As my time with the children developed I made true connections with some them, developing friendships which I used as a device to develop them as people, show them what they were capable of and encouraged them to pursue every dream they had. I only saw one side of their personalities though and I was not prepared for one the most shocking scenes. It was as though they went into survival war zone, seeing complete red. One girl had looked at another in the wrong way and suddenly glass doors were smashed through, hair was strewn across the courtyard in clumps, girls with missing teeth and the only thing we could was nothing. When community fights break out, you must 'get away' was what we were told. 14 year old Indigenous girls have the ability to punch a 6'2 man and knock him out clean. When half of the fight were contained I was in charge of watching them behind a glass bullet proof door. The girls were wild as though having been intoxicated, punching the glass, running for 10 feet to slam themselves against it. It was terrifying, as though the girls I had known were completely different people.
Something amazing happened throughout all this, which will always stay with me. One the main girls I had begun to understand was the ringleader of this brawl. When she saw however that I was in the middle of this situation, she stopped said 'I'm so sorry, stand in that corner and don't move'. Additionally, through this glass door, she saw that her anger looked as though directed at me. She stopped, converted back to her human state in shock. Again apologised and told all the group to immediately stop. She sat on the floor and lent against the door crying. I knew I had made some difference to them as people.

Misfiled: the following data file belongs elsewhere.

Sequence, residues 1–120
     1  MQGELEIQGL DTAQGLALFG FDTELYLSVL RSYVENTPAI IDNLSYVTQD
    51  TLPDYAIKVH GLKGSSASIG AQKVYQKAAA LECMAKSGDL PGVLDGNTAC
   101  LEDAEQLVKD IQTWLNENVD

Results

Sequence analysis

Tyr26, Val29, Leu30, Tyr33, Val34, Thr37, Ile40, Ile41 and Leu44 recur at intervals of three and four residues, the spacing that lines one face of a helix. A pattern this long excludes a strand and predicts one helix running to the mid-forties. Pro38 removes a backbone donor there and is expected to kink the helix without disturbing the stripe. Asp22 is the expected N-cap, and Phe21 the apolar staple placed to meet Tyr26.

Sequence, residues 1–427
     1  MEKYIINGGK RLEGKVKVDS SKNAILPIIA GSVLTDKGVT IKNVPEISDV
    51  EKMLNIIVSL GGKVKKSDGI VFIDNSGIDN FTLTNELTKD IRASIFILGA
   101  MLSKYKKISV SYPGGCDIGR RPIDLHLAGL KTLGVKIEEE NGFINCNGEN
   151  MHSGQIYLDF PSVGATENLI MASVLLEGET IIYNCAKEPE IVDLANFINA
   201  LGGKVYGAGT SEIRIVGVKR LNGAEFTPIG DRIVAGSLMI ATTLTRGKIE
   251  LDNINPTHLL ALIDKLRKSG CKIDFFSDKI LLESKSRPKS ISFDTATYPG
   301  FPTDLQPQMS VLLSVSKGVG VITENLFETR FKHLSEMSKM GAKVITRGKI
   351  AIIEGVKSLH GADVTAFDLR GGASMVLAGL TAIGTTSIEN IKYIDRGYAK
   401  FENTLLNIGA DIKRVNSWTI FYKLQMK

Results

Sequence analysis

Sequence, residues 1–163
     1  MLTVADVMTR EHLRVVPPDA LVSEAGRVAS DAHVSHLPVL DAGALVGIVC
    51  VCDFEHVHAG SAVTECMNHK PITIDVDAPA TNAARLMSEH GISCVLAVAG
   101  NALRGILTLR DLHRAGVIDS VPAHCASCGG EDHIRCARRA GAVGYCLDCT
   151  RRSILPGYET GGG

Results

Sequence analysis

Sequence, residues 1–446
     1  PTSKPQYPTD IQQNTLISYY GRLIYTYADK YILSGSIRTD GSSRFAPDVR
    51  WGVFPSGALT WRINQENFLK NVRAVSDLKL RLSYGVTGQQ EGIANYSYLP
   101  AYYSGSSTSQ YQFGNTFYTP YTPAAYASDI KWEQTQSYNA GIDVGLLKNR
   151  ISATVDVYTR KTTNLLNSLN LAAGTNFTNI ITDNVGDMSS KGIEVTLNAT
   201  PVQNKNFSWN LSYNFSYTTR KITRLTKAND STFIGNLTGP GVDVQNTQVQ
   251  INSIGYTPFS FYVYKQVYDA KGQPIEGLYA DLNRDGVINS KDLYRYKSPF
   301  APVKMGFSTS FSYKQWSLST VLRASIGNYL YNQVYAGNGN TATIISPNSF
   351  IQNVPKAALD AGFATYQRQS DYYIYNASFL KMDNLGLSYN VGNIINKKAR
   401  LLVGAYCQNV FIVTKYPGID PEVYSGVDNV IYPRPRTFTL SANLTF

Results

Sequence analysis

While many of these events were extremely nerving, they were also extremely eye opening. As I said at the beginning I was use to the environment of needing a certain grades, where people wanted to be good at something and where people viewed those who didn't try as idle. Yet this view cannot be held in the context of the Indigenous population. As a system you cannot compare them to the usual, as they are they own people. Circumstance has meant they are trying to be molded into a society that is so against their tradition and they're own approach is seemingly look down upon. While I arrived with the idea of changing the perspective of the children there, as my time went on I realised that the reason I found certain aspects difficult to cope with, I came to understand that I would always find those things hard to comprehend just as they find our lifestyle difficult to adjust to. Instead of trying to change them, it was much more effective to try and enhance what was already there with confidence, interest and support.